Merge branch 'vendor/OPENSSL'
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1.\" Copyright (c) 1990, 1993
2.\" The Regents of the University of California. All rights reserved.
3.\"
4.\" This code is derived from software contributed to Berkeley by
5.\" Ed James.
6.\"
7.\" Redistribution and use in source and binary forms, with or without
8.\" modification, are permitted provided that the following conditions
9.\" are met:
10.\" 1. Redistributions of source code must retain the above copyright
11.\" notice, this list of conditions and the following disclaimer.
12.\" 2. Redistributions in binary form must reproduce the above copyright
13.\" notice, this list of conditions and the following disclaimer in the
14.\" documentation and/or other materials provided with the distribution.
6693db17 15.\" 3. Neither the name of the University nor the names of its contributors
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16.\" may be used to endorse or promote products derived from this software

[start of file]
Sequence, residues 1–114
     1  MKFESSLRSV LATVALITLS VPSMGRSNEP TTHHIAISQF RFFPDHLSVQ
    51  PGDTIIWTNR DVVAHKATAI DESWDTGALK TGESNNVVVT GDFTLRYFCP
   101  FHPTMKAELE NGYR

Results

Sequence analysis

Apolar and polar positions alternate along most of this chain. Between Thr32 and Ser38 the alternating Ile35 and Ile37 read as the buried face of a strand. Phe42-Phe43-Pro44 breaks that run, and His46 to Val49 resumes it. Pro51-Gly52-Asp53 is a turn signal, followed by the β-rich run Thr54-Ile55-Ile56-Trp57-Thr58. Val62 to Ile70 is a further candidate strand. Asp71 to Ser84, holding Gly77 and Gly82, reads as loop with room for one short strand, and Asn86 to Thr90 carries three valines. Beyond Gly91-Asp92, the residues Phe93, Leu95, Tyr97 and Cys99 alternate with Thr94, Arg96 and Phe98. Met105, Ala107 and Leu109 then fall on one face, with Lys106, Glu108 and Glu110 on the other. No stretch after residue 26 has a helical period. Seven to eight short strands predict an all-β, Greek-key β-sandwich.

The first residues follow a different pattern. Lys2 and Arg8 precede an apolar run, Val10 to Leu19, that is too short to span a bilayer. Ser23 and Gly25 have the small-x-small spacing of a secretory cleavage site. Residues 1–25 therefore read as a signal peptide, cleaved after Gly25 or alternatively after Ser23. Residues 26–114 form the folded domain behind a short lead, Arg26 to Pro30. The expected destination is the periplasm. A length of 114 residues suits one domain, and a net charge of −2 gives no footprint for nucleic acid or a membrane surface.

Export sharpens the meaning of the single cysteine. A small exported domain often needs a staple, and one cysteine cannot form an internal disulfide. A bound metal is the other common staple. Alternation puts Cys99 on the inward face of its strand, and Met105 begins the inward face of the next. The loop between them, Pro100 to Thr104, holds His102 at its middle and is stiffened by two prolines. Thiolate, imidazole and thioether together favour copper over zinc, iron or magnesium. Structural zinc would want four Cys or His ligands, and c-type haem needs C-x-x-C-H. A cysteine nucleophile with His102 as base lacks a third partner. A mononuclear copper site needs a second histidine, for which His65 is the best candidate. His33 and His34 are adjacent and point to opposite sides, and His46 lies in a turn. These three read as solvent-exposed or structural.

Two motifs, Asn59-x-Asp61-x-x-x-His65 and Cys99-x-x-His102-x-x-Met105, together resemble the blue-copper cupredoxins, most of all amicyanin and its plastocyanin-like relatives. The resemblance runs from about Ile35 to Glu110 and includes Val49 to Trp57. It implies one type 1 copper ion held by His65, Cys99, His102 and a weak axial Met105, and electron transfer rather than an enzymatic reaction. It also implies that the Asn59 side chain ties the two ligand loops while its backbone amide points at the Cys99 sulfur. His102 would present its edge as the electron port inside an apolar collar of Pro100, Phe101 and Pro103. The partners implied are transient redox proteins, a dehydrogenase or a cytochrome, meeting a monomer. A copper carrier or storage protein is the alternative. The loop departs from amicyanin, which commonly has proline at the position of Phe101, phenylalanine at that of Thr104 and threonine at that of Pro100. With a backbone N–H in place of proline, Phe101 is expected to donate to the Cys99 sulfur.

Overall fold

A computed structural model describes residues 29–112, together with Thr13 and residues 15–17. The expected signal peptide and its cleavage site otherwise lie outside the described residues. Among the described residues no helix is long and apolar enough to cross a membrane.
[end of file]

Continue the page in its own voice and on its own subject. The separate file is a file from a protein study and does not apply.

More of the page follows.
17.\" without specific prior written permission.
18.\"
19.\" THIS SOFTWARE IS PROVIDED BY THE REGENTS AND CONTRIBUTORS ``AS IS'' AND
20.\" ANY EXPRESS OR IMPLIED WARRANTIES, INCLUDING, BUT NOT LIMITED TO, THE
21.\" IMPLIED WARRANTIES OF MERCHANTABILITY AND FITNESS FOR A PARTICULAR PURPOSE
22.\" ARE DISCLAIMED. IN NO EVENT SHALL THE REGENTS OR CONTRIBUTORS BE LIABLE
23.\" FOR ANY DIRECT, INDIRECT, INCIDENTAL, SPECIAL, EXEMPLARY, OR CONSEQUENTIAL
24.\" DAMAGES (INCLUDING, BUT NOT LIMITED TO, PROCUREMENT OF SUBSTITUTE GOODS
25.\" OR SERVICES; LOSS OF USE, DATA, OR PROFITS; OR BUSINESS INTERRUPTION)
26.\" HOWEVER CAUSED AND ON ANY THEORY OF LIABILITY, WHETHER IN CONTRACT, STRICT
27.\" LIABILITY, OR TORT (INCLUDING NEGLIGENCE OR OTHERWISE) ARISING IN ANY WAY
28.\" OUT OF THE USE OF THIS SOFTWARE, EVEN IF ADVISED OF THE POSSIBILITY OF
29.\" SUCH DAMAGE.
30.\"
31.\" @(#)atc.6 8.1 (Berkeley) 5/31/93
32.\" $FreeBSD: src/games/atc/atc.6,v 1.6.2.1 2001/07/22 11:32:34 dd Exp $
8a7bdfea 33.\" $DragonFly: src/games/atc/atc.6,v 1.5 2008/05/02 02:05:03 swildner Exp $
984263bc 34.\"
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35.\" Copyright (c) 1986 Ed James. All rights reserved.